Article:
The Three‑Body Problem of ‘The Secrets of Dumbledore’
The Secrets of Dumbledore (SoD)is a confluence of three juxtapositional notions. From a filmmaking standpoint, it’s a staggering, entire fertilizer processing plant of crap. I say that with deep respect to David Yates, who pulled the final Harry Potters from the yawning maws of ho-hum, and made them both beautiful and worth the price of admission for people who weren’t looking for some way, any way to fill Sunday afternoons of a weekend mandated by the custody agreement.
From a social-evolutionary standpoint, it’s groundbreaking: This is a children’s tentpole-maypole-$120-just-for-the-concession-stand movie that features a same-sex relationship between two male leads who aren’t fem-washed with clownish, unthreatening performativities picked up from RuPaul’s Cranberry-Splash Shantay-You-Gay Drag Ballroom Bingo every Tuesday night at The Abbey.
These are two virile, thoughts-of-sex-provoking daddies played by Jude Law, aging so well, and the always riveting Mads Mikkelsen. They’re a former couple whose love was once so deep that if they fight, or even think badly of each other, they risk fatal strangulation by enchanted love lockets containing their mingled blood. Grindelwald, formerly played by Johnny Depp, has long since gone over the the dark side of the Force, turning the relationship into a yin-yang of dysfunction and co-dependency.
This was such a risky-risqué path to take, but bless J.K. Rowling for being so fearless about it. There are a lot of homomisiac dads out there who secretly spank it to gay porn when lust overcomes them, but after cumming are filled with remorse and self-loathing, which they overcompensate with homomisia — we represent an aspect of themselves they find abhorrent because of the religions both spiritual and social with which they were raised. According to a study in 2016 — or six years fewer in the evolution of social acceptance than now — 21% of men who identify as straight watch gay porn, and probably delete it from their browsing history after they’ve cracked one off. That’s a huge segment of the general movie audience.
Thirdly, from the standpoint of the many excesses of wokeism, the movie is meta to the ravages brought by Amber Heard on the MeToo movement. She saw fit to try to fly the capricious victimarian dragon and elevate her star profile by MeTooing one of Hollywood’s few bankable actors. That in turn got him fired from this film, and replaced by Mikkelsen.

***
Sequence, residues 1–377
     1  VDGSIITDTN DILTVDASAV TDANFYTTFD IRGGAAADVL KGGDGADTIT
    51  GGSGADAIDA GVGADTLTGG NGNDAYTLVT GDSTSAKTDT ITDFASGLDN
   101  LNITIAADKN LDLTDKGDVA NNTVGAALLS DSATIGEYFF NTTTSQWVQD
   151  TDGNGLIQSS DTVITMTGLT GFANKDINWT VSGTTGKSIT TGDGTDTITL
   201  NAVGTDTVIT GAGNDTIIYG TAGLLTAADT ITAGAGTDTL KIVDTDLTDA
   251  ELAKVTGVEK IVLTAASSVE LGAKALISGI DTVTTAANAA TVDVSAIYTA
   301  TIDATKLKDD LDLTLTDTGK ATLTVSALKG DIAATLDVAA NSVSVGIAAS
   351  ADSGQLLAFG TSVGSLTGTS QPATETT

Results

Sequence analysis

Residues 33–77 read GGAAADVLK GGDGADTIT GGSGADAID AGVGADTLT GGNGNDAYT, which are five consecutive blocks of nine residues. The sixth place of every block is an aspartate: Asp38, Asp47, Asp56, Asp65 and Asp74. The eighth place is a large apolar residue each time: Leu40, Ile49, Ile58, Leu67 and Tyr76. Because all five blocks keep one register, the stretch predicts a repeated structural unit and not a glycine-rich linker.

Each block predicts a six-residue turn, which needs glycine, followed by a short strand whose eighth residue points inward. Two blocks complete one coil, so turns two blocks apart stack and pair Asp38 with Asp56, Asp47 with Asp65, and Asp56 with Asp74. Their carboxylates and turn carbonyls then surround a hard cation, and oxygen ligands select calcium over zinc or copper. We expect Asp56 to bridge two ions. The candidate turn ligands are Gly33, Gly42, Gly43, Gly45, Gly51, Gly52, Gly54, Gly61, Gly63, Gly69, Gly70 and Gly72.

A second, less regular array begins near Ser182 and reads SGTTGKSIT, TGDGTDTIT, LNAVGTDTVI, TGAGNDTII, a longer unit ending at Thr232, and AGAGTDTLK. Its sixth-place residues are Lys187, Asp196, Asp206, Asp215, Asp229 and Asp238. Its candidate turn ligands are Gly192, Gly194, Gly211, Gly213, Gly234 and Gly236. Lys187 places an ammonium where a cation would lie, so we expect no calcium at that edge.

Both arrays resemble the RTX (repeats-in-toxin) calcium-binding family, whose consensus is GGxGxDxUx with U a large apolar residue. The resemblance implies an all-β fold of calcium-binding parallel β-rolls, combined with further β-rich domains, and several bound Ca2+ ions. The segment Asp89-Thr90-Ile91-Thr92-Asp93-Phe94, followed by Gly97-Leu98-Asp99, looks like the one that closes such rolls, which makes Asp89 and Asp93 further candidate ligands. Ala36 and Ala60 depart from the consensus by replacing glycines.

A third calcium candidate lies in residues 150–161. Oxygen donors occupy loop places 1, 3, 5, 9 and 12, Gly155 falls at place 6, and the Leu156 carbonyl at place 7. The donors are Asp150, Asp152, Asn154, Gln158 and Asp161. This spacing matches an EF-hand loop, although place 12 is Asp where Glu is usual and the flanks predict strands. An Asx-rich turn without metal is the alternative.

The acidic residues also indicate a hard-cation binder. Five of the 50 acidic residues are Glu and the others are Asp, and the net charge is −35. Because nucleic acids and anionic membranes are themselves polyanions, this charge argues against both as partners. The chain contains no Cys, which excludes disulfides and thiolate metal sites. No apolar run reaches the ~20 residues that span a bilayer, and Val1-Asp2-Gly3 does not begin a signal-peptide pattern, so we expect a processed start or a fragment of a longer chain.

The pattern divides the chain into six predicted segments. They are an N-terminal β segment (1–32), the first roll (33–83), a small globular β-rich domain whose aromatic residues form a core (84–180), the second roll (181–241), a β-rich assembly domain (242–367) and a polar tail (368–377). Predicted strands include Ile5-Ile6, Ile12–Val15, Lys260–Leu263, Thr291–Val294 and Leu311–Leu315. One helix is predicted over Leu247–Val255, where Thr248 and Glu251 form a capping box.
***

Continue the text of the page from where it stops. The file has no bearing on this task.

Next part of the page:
This loops back to the first standpoint: Much as we love Mads in just about everything, he is woefully miscast in SoD and drags the film down even further than the Tisch Film School sophomore scripting. The two major British maypole-tentpoles, Bond and Potter, demand that the villains be charming, seductive. Mikkelsen might the ultimate steel-faced, Bergmanesque übermensch, an imperial bust that is mesmerizing in the hypnotic sense of the word: He is both unusually handsome and the perfect representation of flat affect in marble. Charming in that cheekily arch British way he is not.
Depp, however, very much is that type, even asleep in a shit-laden bed. That’s why this is meta: Heard did destroy his career, and that’s at the heart of all defamation cases in this country, where an ability to earn a living is paramount. The relationship was abusive, bad chemistry, like my parents’ marriage. But it was mutual, equitable, like George and Martha from ‘Who’s Afraid of Virginia Woolf.’
Michelle Goldberg can wring her hands as much as she wants in Times opinion pieces trying to defend Heard on the basis of MeToo movement principles — bringing up the UK court decision as evidence of Heard’s innocence without detailing all of the nuances of British libel law is abusive of true feminism in itself — but what’s critical isn’t Heard’s believability. She simply shouldn’t have written that article. That wasn’t just bad faith, it was pure psychotic evil, not to mention a total breach of unwritten entertainment biz protocols protecting a superstar’s privacy.
Imagine that MeToo-era Martha, strapped for cash, her career marginalized despite all those enthusiastic pompoms and cartwheels from WME, takes the fight out of the house and into the press. George is not only fired from a tenured position, he can’t find work anywhere else.
It’s no longer about abuse, about shitting in the bed, and certainly not about my idea of feminism. It’s about fairness. What Heard did was unfair. What WaPo did in publishing her piece was unfair. This is an era when Progressives insist that opinions and emotions have civil rights, no matter how fraught or how big the conflict of interest is, just as much as the far Right insist that alternate facts are real truths.
As for the overall merits of SoD — a title that’s a cogent allusion in a series rife with magical closets — taking into account its unique three-body problem: On the one hand, I’m glad for it, namely for representing the vast majority of men who have sex with men as we really are, especially for impressionable young minds; on the other, it’s lame filmmaking in a spinoff franchise that conceptually had so much potential. But they literally lost the plot and the purpose through that greatest of Achilles’ heels that besets all filmmakers now and then: Bad decisions, foremost among which is the scripting. And that’s on Rowling herself.